Tuesday, August 7, 2018

Bottom-up SOAP Services with Apache CXF and Custom XSD

SOAP is not very popular these days, primarily because of almost nonhuman readable WSDL and protocol that puts a lot of overhead into a simple message. It's tough to send a message using a browser or curl. Not mentioning the fact that we have to obtain WSDL somehow.

But on the other hand side, SOAP has some advantages over REST. It allows us to define a contract and specify the data it will process. Once you have such WSLD, you can throw it over the hedge, and you do not have to answer questions like how do I delete a created resource, what 403 means in this case, or is this call idempotent?
WSLD contains everything needed to define an RPC interface and document it. I would choose REST for most cases, but still, there are some good use cases for SOAP.

This one thing bothers me about SOAP: how do I get proper WSLD? Should I use a tool to generate it or write it? Honestly... I really do not want to dig into SOAP to just write WSLD, and I do not want to spend hours playing around with some tools generating WSLD, importing it into my project, and binding generated stuff to actual implementation only to find out about the end that it does not operate as expected.

The perfect solution would be to write Java code, annotate it, and generate WSDL out of it. Those annotations should provide enough flexibility to influence WSLD generation so that we archive something that can be delivered to the customers.

I've tried a few Java frameworks, and all provide a way to generate WSLD out of Java code, but they all need to include one fundamental feature: you cannot offer XSD for data types. So it's impossible to specify the content of an email field or provide a format for a date. We get only half of a possible functionality of a WSDL: method calls, exception handling, documentation, and security, but there is no way to specify the data format.
I would like to have WSLD that is as precise as possible so that the client can call the particular method and know precisely what is possible and is not allowed.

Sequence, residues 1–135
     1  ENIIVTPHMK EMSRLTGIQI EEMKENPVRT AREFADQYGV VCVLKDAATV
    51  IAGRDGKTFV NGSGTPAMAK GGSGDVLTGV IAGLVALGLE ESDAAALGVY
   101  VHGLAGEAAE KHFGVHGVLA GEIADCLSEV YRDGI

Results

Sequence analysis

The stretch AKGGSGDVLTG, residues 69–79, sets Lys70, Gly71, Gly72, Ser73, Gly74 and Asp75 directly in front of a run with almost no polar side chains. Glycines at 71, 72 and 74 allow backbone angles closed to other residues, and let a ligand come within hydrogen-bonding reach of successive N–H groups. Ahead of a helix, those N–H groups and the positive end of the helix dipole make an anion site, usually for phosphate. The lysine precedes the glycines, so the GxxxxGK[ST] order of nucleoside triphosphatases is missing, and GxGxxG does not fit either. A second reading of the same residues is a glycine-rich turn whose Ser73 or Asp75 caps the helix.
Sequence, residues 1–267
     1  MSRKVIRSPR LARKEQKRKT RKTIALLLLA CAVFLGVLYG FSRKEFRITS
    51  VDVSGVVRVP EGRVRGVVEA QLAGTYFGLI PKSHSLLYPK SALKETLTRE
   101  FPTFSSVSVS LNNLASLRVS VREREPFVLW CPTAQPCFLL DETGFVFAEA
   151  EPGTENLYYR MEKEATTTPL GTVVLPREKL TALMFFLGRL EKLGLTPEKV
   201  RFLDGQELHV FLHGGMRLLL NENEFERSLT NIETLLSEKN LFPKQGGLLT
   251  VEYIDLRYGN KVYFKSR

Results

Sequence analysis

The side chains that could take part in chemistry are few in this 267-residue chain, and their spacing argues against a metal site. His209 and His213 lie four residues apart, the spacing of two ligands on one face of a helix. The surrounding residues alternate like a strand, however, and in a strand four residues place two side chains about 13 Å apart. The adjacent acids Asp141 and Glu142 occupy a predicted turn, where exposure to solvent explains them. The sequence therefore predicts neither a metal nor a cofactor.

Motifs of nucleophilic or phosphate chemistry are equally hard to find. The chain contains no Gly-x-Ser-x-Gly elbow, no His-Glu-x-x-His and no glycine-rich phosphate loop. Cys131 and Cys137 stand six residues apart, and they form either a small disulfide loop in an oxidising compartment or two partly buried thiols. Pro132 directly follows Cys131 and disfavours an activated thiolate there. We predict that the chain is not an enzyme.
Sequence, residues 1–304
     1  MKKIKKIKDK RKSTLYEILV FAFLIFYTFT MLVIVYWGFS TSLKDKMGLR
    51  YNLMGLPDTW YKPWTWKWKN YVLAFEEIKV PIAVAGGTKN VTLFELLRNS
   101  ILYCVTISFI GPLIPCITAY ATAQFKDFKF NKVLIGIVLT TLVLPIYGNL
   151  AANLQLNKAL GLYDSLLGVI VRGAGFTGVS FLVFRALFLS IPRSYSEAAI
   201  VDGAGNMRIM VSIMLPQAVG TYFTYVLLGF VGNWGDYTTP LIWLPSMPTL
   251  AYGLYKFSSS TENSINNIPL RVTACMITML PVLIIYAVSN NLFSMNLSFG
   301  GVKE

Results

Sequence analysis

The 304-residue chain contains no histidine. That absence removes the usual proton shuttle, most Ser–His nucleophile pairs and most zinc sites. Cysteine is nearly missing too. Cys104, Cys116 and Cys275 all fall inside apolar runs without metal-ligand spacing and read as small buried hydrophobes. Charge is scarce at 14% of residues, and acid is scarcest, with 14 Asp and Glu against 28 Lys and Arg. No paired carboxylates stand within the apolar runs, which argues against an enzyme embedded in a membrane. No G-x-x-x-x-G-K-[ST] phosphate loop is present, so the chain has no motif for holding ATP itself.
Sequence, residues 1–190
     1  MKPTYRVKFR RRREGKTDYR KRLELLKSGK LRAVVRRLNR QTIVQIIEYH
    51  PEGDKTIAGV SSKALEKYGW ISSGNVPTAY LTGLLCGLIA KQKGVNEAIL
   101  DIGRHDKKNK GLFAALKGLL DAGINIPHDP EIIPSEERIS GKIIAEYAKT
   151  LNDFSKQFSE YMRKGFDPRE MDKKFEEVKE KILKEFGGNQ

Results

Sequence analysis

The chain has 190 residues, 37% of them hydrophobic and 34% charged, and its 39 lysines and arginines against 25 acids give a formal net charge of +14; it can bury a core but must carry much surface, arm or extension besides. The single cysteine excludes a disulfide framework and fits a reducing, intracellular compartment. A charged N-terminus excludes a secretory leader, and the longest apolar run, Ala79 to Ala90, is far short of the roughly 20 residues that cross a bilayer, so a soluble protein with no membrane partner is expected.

Let's start with the standard SOAP Service generated out of Java code. We will use Apache CXF and Spring Boot for it. The source code is here: https://github.com/maciejmiklas/apache-cxf-soap.

It's a simple application where users can submit registration as a SOAP Request on http://localhost:8080/soap/Registration:

This code outpost following WSDL:
As you can see, this WSDL has little info about data types (lines 9-22). The email is mandatory, but there is no way to provide any further assertions.
The problem lies in JAXB. It ignores annotations to influence generated XML schema. There is a pull request (jaxb-facets) that would solve this issue, but it's already a few years old and looks like it will only be integrated for a while.

The limitation is not caused by SOAP frameworks but by the fact that they are based on JAXB.

This does not change the fact that I will not write WSLD myself. There has to be a better way!

We will implement a simple extension for Apache CXF to combine generated WSLD with custom XSD. We have to write XSD in this case, but CXF will generate WSLD for us and include the given schema.
XSD is mighty, so I prefer writing it by hand because it's possible to specify the data format precisely. Using annotations to generate XSD would be convenient, but it would still cover only some common areas.
The implementation below has its limitations. You might run into some issues. It might stop working after the next CXF update. But! I use it, and it does what I need, so it might be something for you as well ;)

Now we are going to modify the first example. The idea is to write XSD that defines simple types, references those types in transfer classes, and generates WSLD, combining them all.
In the beginning, we have to write a schema that defines types for transfer objects: The original source code will be modified only in a few places:
  • We will replace the default Apache CXF data binding with a custom implementation. It reads Schama from the file and integrates it into generated WSLD,
  • Some fields in transfer objects are annotated with @XmlSchemaType - this annotation provides a connection between Java types and types defined in XSD. For example, the ExRegistration#email is annotated with @XmlSchemaType(name = "email"), and XSD contains the email type. The email generated in WSDL references the type from a provided schema,
  • the classes following the pattern *Registration* have been renamed to *ExRegistration*